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Was Yasser Arafat Poisoned by Polonium?

In November, the body of Yasser Arafat was exhumed from beneath several feet of concrete to determine whether or not the leader had been poisoned by polonium 210

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In November, the body of Yasser Arafat was exhumed from beneath several feet of concrete. It took six hours to get his body out. The goal of the exhumation: to determine whether or not the leader had been poisoned by polonium 210. NPR spoke with Deborah Blum about why, and how, Arafat might have been offed. She said:

BLUM: They gathered up his, you know, clothes, his headscarves, sent them off. And they found sort of what you would think of as decayed products of polonium 210, which is a very unusual thing to find.

RAZ: It’s unusual because why? What is polonium 210?

BLUM: It’s a radioactive isotope. I always think of it as, like, this hissing, spitting ball of radiation. Incredibly active, has a super-fast half-life of 134 days.

In fact, polonium 210 has probably been used in past murders, like the assassination of a Russian spy that dissented. Slate explains why polonium is a good choice for quick, clean kills:

Because a small amount is very deadly. Polonium-210 is extremely toxic, and it’s relatively easy to smuggle across borders because it emits only short-range radiation. But it’s not a good choice for an assassin who wants to get away with his crime. Unlike many other potential poisons, polonium-210 is easily identifiable and can leave a radioactive trail to the culprit. It makes sense as an agent of murder only if you’re trying to make a statement. The chemical is, in a sense, a calling card, because only a handful of major countries, including Israel, the United States, and Russia, are known to maintain large stockpiles of polonium-210, and private entities can buy only small amounts under a government license.

When someone is poisoned with it, the radioactivity poisons their body. The results look something like this, according to CNN:

Liver and kidney damage ensue, along with extreme nausea and severe headaches. Victims often experience vomiting, diarrhea and hair loss. The alpha particles emitted from the decaying substance get absorbed in the body, which is what causes harm. Death may come in a matter of days, sometimes weeks.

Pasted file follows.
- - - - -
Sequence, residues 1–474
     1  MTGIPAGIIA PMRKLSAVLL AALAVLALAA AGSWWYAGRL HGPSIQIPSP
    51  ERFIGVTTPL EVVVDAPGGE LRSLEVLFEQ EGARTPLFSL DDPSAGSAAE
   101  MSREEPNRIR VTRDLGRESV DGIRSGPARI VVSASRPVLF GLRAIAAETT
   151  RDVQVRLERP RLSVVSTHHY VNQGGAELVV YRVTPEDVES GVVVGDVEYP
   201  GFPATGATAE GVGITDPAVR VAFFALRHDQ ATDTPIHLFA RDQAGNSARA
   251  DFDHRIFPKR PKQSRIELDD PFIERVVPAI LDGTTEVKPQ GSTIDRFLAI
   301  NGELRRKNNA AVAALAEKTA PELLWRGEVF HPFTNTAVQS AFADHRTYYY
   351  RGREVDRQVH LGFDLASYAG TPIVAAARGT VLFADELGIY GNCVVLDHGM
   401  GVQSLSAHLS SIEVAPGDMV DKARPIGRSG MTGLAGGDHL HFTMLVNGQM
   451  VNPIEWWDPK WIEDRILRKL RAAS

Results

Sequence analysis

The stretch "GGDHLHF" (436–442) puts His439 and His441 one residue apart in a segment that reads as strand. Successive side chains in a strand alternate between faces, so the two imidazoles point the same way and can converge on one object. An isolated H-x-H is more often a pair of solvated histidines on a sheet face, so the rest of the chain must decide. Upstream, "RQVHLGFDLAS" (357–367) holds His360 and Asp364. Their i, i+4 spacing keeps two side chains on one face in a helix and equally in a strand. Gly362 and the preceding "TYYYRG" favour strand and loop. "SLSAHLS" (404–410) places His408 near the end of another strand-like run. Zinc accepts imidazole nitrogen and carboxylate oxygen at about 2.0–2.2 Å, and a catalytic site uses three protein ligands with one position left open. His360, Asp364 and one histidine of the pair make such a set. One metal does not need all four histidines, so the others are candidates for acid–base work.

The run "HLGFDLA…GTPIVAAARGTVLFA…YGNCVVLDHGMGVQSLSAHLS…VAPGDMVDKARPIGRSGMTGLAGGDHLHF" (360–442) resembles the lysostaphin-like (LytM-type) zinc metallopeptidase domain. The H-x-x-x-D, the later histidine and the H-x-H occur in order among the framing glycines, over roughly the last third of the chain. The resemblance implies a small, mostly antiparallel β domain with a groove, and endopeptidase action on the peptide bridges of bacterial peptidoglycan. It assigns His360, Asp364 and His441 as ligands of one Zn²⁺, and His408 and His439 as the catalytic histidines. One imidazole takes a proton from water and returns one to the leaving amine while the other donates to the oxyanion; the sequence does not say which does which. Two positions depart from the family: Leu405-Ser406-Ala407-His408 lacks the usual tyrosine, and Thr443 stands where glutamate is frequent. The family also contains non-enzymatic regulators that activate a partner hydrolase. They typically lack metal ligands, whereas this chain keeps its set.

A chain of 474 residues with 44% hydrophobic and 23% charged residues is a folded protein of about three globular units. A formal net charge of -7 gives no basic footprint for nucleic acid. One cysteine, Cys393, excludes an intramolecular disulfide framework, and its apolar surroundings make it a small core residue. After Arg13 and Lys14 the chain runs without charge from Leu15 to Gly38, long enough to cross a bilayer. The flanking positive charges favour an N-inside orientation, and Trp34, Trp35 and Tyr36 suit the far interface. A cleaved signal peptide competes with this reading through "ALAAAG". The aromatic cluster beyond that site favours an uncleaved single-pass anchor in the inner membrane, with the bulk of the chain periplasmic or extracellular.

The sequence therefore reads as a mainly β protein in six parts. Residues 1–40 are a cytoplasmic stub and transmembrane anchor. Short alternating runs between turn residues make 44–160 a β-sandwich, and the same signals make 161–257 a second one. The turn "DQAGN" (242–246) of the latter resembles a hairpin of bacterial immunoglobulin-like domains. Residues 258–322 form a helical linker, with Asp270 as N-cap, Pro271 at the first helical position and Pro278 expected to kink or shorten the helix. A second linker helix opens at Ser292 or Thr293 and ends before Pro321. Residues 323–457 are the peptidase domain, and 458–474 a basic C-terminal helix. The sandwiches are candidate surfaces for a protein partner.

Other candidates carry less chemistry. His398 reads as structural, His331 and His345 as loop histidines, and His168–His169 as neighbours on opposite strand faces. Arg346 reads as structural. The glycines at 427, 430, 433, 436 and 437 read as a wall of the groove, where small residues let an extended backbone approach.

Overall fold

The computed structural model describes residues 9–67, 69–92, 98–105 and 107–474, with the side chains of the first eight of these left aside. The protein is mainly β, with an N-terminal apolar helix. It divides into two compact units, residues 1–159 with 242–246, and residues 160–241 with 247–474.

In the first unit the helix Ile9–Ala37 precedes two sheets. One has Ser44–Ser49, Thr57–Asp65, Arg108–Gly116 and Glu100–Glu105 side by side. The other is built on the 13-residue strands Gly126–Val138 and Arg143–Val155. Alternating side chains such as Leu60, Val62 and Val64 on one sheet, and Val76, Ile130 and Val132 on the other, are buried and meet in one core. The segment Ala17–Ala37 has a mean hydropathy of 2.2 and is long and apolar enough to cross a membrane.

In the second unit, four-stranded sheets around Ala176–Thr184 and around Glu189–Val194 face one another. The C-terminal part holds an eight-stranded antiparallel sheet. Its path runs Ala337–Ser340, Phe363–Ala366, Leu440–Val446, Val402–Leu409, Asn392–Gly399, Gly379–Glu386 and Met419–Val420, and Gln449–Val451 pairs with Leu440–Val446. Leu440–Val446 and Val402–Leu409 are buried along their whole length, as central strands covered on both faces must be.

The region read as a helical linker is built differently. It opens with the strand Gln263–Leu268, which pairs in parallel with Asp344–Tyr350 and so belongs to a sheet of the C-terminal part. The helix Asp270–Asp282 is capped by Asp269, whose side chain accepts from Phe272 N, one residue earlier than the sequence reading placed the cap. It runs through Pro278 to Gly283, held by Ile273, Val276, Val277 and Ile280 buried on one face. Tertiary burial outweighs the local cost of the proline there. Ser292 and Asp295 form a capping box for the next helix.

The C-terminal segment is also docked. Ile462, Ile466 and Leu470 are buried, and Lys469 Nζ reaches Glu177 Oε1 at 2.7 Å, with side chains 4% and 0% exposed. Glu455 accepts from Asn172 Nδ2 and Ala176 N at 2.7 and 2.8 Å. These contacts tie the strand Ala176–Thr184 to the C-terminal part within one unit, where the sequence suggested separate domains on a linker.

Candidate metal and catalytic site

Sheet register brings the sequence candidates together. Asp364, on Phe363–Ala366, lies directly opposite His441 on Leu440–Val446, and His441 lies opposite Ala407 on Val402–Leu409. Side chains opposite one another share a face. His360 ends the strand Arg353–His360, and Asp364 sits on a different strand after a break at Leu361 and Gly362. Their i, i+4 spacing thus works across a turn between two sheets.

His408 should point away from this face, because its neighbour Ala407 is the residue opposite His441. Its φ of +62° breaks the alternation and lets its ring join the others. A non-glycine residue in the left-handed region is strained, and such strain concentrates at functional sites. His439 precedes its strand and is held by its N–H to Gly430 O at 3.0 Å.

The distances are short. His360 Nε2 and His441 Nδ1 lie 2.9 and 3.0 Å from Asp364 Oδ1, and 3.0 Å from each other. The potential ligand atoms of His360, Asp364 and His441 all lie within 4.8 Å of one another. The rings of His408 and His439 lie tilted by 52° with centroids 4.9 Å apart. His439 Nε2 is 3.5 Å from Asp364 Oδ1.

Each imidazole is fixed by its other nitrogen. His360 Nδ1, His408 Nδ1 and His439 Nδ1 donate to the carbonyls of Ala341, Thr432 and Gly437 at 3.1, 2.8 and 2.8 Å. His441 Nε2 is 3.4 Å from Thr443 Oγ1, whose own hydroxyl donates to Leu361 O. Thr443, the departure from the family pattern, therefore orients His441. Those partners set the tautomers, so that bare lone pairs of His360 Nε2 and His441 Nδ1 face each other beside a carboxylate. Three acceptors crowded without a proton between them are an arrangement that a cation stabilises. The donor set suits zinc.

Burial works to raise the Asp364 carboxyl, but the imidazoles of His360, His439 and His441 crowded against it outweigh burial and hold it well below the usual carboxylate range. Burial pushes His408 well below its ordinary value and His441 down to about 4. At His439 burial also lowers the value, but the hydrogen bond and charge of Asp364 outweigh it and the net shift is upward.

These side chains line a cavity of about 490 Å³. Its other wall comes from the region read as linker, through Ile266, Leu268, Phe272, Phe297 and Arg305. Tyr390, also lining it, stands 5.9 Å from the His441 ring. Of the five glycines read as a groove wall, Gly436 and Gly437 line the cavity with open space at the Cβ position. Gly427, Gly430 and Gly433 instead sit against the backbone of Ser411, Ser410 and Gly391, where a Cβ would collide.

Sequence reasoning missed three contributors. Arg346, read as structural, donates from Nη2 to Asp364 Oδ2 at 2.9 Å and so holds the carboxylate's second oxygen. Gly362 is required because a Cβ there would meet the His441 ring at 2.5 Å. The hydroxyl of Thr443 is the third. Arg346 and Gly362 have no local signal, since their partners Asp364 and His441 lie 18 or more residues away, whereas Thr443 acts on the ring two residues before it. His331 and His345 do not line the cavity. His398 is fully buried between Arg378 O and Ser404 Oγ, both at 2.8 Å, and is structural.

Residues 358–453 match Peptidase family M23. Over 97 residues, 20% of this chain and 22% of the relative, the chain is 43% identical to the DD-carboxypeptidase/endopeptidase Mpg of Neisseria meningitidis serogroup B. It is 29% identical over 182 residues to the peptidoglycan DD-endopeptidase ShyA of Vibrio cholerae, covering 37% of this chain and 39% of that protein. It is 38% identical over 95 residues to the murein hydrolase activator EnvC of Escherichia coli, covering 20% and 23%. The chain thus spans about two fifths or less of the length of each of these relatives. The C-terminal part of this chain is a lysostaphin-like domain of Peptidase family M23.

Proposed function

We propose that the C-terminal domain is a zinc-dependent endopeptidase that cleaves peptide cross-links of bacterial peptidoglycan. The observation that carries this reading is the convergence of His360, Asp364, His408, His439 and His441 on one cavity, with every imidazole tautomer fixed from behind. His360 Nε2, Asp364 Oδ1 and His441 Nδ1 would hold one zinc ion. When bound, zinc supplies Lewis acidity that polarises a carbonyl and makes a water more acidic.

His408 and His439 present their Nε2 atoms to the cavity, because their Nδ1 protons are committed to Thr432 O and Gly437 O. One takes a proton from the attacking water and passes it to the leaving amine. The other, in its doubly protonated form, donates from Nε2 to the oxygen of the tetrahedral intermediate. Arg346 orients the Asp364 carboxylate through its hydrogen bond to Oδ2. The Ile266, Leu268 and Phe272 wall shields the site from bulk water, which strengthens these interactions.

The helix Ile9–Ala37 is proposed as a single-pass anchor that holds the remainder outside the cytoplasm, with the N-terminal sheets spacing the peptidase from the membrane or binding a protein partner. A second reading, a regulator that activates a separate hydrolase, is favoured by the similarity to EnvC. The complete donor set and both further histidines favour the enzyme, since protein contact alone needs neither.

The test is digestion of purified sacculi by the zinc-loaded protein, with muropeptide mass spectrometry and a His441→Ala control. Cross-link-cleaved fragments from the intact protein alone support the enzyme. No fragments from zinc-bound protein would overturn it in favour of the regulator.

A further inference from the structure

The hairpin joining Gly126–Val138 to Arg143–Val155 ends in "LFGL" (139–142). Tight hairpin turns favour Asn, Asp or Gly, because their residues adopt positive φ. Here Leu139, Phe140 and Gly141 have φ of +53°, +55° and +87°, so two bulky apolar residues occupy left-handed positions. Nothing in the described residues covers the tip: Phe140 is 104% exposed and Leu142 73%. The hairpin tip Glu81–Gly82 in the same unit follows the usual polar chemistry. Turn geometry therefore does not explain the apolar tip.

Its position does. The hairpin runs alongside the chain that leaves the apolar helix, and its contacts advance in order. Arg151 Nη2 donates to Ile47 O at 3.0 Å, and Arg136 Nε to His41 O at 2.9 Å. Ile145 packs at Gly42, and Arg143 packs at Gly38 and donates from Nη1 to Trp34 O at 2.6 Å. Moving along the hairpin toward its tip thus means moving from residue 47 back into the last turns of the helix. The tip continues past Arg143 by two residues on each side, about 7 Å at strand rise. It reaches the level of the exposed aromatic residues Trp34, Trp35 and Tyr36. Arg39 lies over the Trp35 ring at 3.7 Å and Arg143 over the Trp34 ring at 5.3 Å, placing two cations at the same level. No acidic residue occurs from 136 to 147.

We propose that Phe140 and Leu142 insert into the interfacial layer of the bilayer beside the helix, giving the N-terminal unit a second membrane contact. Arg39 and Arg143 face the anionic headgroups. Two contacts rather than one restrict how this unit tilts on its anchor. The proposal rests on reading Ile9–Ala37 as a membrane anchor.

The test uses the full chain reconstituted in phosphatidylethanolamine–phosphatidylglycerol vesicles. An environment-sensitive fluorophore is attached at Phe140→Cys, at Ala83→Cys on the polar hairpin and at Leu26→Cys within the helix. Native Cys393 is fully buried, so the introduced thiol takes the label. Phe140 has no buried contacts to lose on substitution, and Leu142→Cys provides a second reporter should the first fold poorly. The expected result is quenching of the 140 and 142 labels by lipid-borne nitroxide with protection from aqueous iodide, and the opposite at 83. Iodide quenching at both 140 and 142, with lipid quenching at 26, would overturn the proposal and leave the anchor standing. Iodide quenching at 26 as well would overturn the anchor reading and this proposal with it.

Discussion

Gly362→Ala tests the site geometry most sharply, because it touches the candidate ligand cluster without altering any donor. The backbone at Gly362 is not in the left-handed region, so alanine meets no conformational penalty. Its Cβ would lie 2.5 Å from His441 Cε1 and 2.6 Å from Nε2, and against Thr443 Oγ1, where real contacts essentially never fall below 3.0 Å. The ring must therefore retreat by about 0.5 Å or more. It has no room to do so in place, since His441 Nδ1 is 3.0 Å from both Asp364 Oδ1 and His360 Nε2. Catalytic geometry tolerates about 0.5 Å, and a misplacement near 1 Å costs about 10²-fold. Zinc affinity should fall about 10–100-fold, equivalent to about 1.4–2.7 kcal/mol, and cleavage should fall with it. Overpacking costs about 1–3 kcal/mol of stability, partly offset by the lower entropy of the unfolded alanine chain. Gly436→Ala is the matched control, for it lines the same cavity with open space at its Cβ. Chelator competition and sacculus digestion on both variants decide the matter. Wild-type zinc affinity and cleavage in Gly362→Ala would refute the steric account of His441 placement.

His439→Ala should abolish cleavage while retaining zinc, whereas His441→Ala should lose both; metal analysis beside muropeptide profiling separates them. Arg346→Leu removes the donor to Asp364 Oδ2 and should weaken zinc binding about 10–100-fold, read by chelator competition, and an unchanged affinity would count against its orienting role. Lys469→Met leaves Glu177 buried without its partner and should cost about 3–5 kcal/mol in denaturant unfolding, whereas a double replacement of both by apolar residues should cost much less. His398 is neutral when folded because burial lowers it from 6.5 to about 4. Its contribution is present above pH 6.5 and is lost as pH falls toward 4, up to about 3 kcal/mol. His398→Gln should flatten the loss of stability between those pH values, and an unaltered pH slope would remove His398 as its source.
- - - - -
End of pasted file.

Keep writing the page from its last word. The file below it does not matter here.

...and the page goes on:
And once you have radiation poisoning, it’s over: there is no cure thus far.

Now, whether or nor Arafat was killed with polonium is hard to say. We can detect polonium in very small amounts, but polonium is also a naturally occurring element. Here’s Blum on NPR again:

BLUM: One of the primary sources of radiation exposure in the United States is smoking cigarettes. And that’s because the fertilizers they use with tobacco are high in minerals that actually include polonium-210. And as these sort of, you know, swirl around the very sticky leaves of the tobacco plant grabs them. And those go into the cigarettes.

And there’s actually a recent study – it came out last year by UCLA – that estimated that out of 1,000 average smokers, about 130 lung cancer deaths were probably attributable to polonium-210 radiation. The Al Jazeera story that came out in July made a point that some of his symptoms were quite like Litvinenko’s. You know, he was desperately dehydrated. He was terribly nauseated. There were signs of hair loss. He was rapidly losing weight.

But even if they find traces on his clothes or body, there’s little way to know where those traces came from. Even with science, we will probably never know whether or not Arafat was murdered. Blum writes in Wired:

But there is that slim possibility that tests could reveal the source of the poison and, as a side-effect, the home of the assassin. It’s that latter whisper of a possibility that makes these eventual results so tantalizing – and, I’d add, a little unnerving.

More from Smithsonian.com:

Sir Bernard Lovell, The Man The Soviets Tried to Poison With Uranium, Dies at 98

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About Rose Eveleth
Rose Eveleth

Rose Eveleth is a writer for Smart News and a producer/designer/ science writer/ animator based in Brooklyn. Her work has appeared in the New York Times, Scientific American, Story Collider, TED-Ed and OnEarth.

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